The DIY text on this dress was inspired by a comment on this blog by Sue of You Can Call Me Sue and lyrics by hip hop group N.W.A. in "Gangsta Gangsta": "Do I look like a mutha feckin' role model?"
This is the first of two tank maxis I farked with the Ted Baker London, Vancouver, store pre-opening media event in mind (2nd one here). I wore neither, but this one really got me thinking about role models, so-named for their character, not really looks, which is what makes this line so interesting.
In Vancouver, I am constantly on the look-out for style icons, and if I see people who dress in a cool way, I want to tell them so. That's how my street style blog, now dormant - at least until the blogger meetup in July - was born. But I've had a few cases where my good compliments have gone bad, real bad.
ME: Excuse me, can I just say I think you look fantastic! I love your [dress/pants/top]!
PERSON: I don't need your validation of my looks! Who do you think you are to judge me like that?
ME: Oh. Um, I just like your style. I like your shoes too. But, uh, I'll just be on my way. Have a nice day. Oops, that was wrong, to prejudge you as a person capable of having a nice day. Sorry.
This exact dialogue never happened, but the thought bubbles were easy to read. Have we become so politically correct that I can't even compliment someone on their style without causing offense!? Most of us have probably been raised to think compliments are a good thing. Greetje, on her blog No Fear of Fashion, put it well here:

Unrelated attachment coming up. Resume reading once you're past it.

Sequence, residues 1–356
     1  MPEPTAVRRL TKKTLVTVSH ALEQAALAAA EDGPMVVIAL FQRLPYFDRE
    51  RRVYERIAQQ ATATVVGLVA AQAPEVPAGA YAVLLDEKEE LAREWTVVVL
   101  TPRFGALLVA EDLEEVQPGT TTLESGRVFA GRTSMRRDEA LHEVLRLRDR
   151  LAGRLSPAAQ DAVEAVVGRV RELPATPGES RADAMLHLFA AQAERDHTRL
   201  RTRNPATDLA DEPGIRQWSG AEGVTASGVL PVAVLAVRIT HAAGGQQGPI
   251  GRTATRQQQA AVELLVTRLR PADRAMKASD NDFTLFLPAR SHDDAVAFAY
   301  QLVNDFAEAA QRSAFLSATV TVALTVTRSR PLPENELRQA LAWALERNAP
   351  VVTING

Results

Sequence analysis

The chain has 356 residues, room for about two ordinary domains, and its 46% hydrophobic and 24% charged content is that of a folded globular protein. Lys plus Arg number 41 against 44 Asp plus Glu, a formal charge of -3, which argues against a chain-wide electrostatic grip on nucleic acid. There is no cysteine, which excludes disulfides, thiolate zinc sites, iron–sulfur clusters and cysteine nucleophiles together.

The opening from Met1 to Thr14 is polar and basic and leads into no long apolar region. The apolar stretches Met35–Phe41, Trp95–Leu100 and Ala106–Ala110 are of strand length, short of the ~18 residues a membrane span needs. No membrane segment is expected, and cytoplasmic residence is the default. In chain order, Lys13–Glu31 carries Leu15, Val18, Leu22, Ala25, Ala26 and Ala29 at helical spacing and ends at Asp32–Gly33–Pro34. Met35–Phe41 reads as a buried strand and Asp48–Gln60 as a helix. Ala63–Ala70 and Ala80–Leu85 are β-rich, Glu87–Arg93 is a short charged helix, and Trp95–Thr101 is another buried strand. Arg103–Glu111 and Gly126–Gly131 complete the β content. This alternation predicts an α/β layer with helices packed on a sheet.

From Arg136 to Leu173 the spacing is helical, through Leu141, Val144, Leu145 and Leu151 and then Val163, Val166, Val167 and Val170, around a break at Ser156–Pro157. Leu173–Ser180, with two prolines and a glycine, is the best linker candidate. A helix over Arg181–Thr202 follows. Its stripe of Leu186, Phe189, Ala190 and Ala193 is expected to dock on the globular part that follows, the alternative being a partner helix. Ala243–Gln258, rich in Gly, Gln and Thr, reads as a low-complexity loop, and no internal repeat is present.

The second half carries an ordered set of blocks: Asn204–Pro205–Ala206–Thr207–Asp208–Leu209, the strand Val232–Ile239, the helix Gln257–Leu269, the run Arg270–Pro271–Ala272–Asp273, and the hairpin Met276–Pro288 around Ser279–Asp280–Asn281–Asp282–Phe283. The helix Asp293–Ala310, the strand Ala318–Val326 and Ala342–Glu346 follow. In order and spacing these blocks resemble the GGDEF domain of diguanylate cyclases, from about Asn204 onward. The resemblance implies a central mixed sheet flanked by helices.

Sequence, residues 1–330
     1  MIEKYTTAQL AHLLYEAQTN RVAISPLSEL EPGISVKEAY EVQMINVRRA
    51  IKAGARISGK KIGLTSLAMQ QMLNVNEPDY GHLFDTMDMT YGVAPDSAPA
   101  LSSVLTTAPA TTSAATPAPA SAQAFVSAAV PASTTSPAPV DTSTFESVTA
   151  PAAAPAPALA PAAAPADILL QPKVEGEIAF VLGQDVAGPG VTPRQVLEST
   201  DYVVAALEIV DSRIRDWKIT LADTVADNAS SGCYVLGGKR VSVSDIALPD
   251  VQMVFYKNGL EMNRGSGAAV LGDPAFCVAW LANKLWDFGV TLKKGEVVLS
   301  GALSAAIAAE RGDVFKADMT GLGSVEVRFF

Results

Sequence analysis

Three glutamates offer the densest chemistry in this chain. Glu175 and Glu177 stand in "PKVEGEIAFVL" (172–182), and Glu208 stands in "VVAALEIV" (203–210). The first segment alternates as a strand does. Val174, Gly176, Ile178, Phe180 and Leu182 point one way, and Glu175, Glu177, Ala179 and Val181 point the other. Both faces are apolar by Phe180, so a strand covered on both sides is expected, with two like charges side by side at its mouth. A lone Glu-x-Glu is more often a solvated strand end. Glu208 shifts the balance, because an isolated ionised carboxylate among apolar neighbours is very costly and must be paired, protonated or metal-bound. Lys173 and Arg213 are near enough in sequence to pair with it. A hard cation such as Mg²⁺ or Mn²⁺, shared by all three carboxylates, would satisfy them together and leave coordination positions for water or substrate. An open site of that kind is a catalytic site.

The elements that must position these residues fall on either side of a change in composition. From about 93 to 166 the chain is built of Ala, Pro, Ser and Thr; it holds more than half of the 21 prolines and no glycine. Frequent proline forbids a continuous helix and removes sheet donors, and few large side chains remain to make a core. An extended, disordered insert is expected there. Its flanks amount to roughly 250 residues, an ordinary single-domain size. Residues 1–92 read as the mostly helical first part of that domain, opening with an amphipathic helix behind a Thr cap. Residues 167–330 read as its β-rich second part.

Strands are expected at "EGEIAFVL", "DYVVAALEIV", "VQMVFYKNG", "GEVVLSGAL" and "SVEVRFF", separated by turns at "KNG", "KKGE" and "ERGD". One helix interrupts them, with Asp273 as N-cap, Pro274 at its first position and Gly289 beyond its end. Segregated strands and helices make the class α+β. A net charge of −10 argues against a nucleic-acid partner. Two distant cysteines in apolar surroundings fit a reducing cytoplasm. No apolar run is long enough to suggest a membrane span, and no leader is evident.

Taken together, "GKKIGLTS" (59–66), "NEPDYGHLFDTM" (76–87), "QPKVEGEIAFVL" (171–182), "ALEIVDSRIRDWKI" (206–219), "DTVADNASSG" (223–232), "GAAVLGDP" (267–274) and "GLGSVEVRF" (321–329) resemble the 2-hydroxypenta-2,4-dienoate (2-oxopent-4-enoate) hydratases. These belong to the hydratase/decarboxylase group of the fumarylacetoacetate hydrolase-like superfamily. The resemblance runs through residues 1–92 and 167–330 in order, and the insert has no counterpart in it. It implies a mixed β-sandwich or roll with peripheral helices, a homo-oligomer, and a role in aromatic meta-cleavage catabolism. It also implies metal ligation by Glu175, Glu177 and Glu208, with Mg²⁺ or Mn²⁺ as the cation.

Compliments make people happy. Therefore… you should pay people lots of compliments. Sincere ones. They will not only lighten up that person's day but will also give you a happy feeling.
|Sometimes I have coffee here. Other times I rush by.|
Maybe you also know the saying, "If you can't say anything nice about someone, don't say anything at all." So now what? If you can't say anything, don't say anything? Puh.
I am not going to stop telling people I'm wild about their style. That would be like telling me I can't, say, dance anymore (even though it would be a kindness to humanity). And since I can't prejudge who is going to be a prick about a compliment - I can never tell - I'm going to keep on dropping compliments like f-bombs all over the city. Be forewarned.
- DIY text, tank maxi dress, painted with acrylics
- thrifted long-sleeve boat neck top
- black jeggings, sample sale
- geta-style sandals, discount Topshop
- magic loupe, gift from O
- vintage sunglasses, $2 at vintage store closing sale years ago
I took the second two photos when I got home from my inspiration walk, when my hair had become horned.